How to Receive $1000 to Remove Your Lawn

The City of Lompoc, Ca will give homeowners living within the Lompoc city limits a rebate of $1000.00 to remove their lawn, install a drip system & install drought tolerant plants. The rebate can offset the price of hiring a contractor to do the work for you & Becky’s Creative Landscape & Design is the perfect business to hire for the job. BCLD specializes in drought tolerant landscape installations. Becky designs to your specifications & finds practical & beautiful solutions suited to your individual tastes. Hire a professional this time to get the job done right, before summer visitors are on your doorstep. Why not install a water saving creek bed where the rainwater can soak into your own water table beneath your property? It can be used later in the year by the plants in the yard. Becky knows the G-3 (Green Gardens Group) method of using sheet mulches & skipping the glyphosate (Round-up) in the initial stage of landscaping. Becky & her team will complete your project on budget & on time.


MWELO Certification

Becky Barritt has been certified by the Environmental Protection Agency for MWELO; Master Water Efficient Landscape Ordinance. This is California’s state ordinance that regulates the use of water in the landscape; residential & commercial. Currently anyone building a new home with 500 sq. feet of landscape area or building an addition which needs a permit will be required to complete the MWELO package which is a lot of paperwork, mathematical calculations, landscape & irrigation design.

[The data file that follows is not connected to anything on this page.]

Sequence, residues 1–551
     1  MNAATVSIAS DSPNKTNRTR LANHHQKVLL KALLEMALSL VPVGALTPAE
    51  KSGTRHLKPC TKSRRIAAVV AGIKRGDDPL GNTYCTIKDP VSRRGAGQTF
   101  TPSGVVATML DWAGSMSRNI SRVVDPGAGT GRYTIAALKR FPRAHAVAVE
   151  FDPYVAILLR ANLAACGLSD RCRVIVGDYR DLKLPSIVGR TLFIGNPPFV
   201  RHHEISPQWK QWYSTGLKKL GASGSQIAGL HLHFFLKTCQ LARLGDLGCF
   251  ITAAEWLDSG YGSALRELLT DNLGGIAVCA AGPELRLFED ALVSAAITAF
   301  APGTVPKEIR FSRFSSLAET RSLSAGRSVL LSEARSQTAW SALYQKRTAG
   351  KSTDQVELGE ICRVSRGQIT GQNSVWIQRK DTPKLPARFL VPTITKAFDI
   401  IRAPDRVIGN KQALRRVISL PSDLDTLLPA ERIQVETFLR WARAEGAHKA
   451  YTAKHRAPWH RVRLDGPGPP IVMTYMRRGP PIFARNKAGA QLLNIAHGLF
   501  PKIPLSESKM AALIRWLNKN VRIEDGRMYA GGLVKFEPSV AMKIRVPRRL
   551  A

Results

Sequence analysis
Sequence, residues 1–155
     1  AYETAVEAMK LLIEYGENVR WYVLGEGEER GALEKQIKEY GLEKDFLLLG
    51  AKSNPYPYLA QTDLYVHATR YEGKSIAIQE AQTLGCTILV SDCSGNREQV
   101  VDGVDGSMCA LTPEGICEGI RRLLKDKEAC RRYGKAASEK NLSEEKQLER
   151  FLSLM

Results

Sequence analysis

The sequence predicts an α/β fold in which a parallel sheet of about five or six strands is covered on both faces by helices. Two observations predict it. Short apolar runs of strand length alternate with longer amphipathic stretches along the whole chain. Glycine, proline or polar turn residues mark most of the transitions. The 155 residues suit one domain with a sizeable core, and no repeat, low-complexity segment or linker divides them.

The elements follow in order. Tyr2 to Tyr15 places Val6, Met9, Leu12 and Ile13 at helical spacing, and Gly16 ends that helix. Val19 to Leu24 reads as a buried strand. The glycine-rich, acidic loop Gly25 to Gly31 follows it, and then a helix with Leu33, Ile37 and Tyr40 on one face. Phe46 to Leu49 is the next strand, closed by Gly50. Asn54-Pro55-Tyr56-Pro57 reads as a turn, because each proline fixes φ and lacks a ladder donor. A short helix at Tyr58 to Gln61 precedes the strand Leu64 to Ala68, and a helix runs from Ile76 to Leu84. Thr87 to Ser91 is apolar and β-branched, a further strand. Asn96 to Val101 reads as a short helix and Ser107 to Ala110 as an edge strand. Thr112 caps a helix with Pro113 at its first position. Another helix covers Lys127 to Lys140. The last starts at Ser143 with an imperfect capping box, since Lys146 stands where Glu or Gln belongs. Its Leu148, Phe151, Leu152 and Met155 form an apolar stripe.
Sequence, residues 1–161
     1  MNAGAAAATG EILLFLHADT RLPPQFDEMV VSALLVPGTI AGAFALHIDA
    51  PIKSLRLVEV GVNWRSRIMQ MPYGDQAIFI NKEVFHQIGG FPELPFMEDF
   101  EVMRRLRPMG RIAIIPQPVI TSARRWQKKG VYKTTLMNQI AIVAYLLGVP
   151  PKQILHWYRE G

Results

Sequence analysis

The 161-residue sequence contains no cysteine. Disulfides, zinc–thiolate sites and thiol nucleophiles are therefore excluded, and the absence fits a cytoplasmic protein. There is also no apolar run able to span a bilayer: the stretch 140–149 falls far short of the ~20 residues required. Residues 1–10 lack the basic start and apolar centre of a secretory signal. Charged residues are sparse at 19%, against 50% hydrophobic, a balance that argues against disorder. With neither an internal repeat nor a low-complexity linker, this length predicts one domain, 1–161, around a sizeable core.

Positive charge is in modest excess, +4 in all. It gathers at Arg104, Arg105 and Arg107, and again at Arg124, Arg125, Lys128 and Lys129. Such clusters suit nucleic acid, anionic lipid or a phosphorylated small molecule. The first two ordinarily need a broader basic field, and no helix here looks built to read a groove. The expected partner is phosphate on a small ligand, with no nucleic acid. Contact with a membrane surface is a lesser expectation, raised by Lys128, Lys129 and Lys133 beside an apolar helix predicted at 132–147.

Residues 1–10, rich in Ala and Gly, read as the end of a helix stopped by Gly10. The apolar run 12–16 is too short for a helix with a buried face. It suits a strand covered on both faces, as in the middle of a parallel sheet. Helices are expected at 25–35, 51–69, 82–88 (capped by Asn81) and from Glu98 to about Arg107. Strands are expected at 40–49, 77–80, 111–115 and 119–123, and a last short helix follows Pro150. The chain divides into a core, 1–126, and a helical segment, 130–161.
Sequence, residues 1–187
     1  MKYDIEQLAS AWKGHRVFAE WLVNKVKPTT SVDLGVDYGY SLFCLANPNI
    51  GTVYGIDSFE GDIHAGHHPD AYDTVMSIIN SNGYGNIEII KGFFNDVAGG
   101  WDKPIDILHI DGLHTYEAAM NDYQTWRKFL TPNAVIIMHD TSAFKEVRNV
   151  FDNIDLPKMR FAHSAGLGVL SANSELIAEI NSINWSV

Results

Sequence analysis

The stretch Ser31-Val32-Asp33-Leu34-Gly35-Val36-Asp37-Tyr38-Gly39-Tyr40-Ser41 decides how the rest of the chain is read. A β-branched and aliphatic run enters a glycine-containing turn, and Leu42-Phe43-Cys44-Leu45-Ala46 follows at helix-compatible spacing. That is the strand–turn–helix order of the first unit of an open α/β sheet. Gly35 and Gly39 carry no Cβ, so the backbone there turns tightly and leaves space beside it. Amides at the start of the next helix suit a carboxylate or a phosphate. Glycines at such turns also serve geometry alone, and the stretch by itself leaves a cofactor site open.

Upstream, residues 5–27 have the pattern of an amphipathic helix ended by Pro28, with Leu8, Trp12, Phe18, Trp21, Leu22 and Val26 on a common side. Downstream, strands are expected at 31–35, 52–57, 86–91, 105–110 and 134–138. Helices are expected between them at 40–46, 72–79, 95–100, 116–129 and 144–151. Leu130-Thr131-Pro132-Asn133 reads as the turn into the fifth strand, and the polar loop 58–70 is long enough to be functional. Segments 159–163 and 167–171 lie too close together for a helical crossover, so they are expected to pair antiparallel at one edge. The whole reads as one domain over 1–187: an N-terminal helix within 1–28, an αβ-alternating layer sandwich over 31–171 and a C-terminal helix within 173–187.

Why not hire Becky to do your MWELO paperwork? She has been through 28 years of self-employment in the green industry, employing others & working hard. She can complete the whole package! Right now she can do residential landscape drawings. In the future she plans to do commercial design.

Becky is certified through G-3; The Green Gardens Group.

The Single Most Water-Wasting Error When Programming Hunter Irrigation Controllers

The single most water-wasting error when programming Hunter Irrigation controllers is putting in multiple start times within a program. Each Program; A, B, or C only needs one start time per program. If the controller is programmed for 4 start times under program A, then program A will run through 4 times. This is 4 times more water than you need. I think that people mistakenly think that each station needs a start time which is not the case. If one thinks of the programming like a family tree diagram then it might make it easier to understand. A,B, and C are at the bottom most part of the trunk and each program has the ability to run all 4 stations. When we give Program A one start time it cycles through all the stations that have minutes on them under Program A.